When Paul Klebnikov, the assassinated editor of the Russian edition of Forbes, arrived in Moscow to launch the magazine earlier this year, he was excited to be back on his old reporting beat. He saw his ancestral homeland, after years of crime-infused chaos and government corruption, moving forward under a strong leader, President Vladimir Putin.
But Klebnikov's optimism appears to have clashed with the hard reality of Russia, which he hoped had matured beyond the kind of cold-blooded contract hit that took Klebnikov's life a week ago.
Friends and family describe Klebnikov spending his last months dedicated to covering Russia's emerging economic transparency, after a decade of insider deals that put the biggest Russian businesses in the hands of a well-connected few.
"He was actually very upset at all the negative press and negative image Russia was getting abroad, and he felt that it was his duty in some ways to write about some of the more positive aspects of what was going on in Russia," said Boris Jordan, a Moscow businessman and friend of Klebnikov's.
Still, while at the helm of Forbes Russia, the 41-year-old pulled no punches — making one of his first issues a ranking of Russia's 100 richest businesspeople, many of whom have close ties to the government.
Jordan, who led the charge of Western-educated investors capitalizing on the post-Soviet landscape, says Russia's super rich think their money is their personal business.
"There's hesitancy toward transparency in Russia," Jordan said. "People prefer to just stay in the dark."
Klebnikov's brother, Michael, in comments widely echoed in opinions in the Russian media, said Russians "who have things to hide don't like the light."
He continued to say his brother believed "what Russia's now ready for is an open and lively debate on issues that matter to the country."
The Forbes Russia list, like the magazine's other rankings around the world, is often written with light humor. While the magazine digs deep to find sources of wealth, its findings are presented in a straightforward way.
But after the imprisonment last year of Russia's richest man, oil magnate Mikhail Khodorkovsky, now in court facing fraud and tax evasion charges, being rich in Russia is a sensitive matter. Many Russians blame their economic woes on the country's well-heeled class, and a tally of its fortunes could be seen by millionaires and billionaires as unwelcome.
One of Klebnikov's most pursued topics — the relationship between big business and the government — is a subject largely ignored by Russian television channels, which air Kremlin controlled newscasts. Some newspapers and radio stations cover the issue aggressively, but their limited, localized audiences are a little headache for the government.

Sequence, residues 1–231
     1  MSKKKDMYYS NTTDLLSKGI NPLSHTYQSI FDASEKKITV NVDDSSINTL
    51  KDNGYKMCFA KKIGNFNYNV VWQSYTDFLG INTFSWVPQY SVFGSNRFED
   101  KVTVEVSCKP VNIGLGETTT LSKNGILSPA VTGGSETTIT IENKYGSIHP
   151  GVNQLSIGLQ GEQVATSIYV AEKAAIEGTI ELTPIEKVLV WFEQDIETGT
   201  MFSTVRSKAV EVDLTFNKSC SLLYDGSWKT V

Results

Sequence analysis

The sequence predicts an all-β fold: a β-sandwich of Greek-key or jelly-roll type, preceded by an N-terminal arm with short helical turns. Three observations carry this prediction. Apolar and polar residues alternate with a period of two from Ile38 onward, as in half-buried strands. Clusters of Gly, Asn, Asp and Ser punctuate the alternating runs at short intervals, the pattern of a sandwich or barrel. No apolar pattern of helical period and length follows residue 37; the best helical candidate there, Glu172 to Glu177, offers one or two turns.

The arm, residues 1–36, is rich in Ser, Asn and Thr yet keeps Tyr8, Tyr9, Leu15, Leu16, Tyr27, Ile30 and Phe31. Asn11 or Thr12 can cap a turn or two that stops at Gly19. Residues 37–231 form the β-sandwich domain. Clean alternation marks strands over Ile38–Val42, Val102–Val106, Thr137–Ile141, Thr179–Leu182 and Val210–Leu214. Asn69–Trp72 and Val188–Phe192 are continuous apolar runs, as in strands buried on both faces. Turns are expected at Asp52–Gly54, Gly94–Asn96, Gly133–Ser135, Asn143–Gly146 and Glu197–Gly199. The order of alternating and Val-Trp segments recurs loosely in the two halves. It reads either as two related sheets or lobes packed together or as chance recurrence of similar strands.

In his last interview, given to a Russian newspaper report the day he died, Klebnikov spoke of Putin's "presidential buddies."
"The wealthy men who are quite close to the corridors of power ... enjoy certain preferences and privileges," he said.
While there's no suggestion of any official involvement in Klebnikov's death, it comes during a press crackdown in Russia.
At NTV, a formerly independent network, management loyal to the Kremlin canceled the country's last political talk show just hours before Klebnikov's death. Hosted by Savik Shuster, the program, "Freedom of Speech," saw its ratings surge during lively debate — apparently too much of it for the authorities.
"It's not a good time to be a journalist," said Leonid Parfyonov, another NTV host whose show was taken off the air for broadcasting an interview with the widow of a former rebel leader in Chechnya, the breakaway Russian republic.
Parfyonov, whose show garnered top ratings, said he "knew it was coming." Another former NTV journalist, Yevgeny Kiselyov, once Russia's most respected and outspoken TV anchor, said the Kremlin acts like an executive producer.
"Very often the Kremlin calls the editors of this or that channel. And then they relay their advice. It's always in the form of insistent advice," Kiselyov said.
As Klebnikov's death has shown, journalism in Russia is also dangerous. Over the last decade, 20 reporters have been killed, 14 since Putin became president. None of the cases has been solved.
During his work in Russian in the 1990s, Klebnikov was known to travel with security. But the burden was too much, and his enthusiasm for Russia's transformation to a more European-style country gave him more reason to return to what his friend Boris Jordan calls Klebnikov's "democratic roots" — taking the subway and driving his own car to work.
When he returned to Russia to launch Forbes, Jordan said Klebnikov never indicated he had a bodyguard, or had reason to fear for his life. In his dying moments, just yards from his office, he told a fellow journalist he could not imagine who wanted him dead.
"He loved (Russia) deeply," Michael Klebnikov said.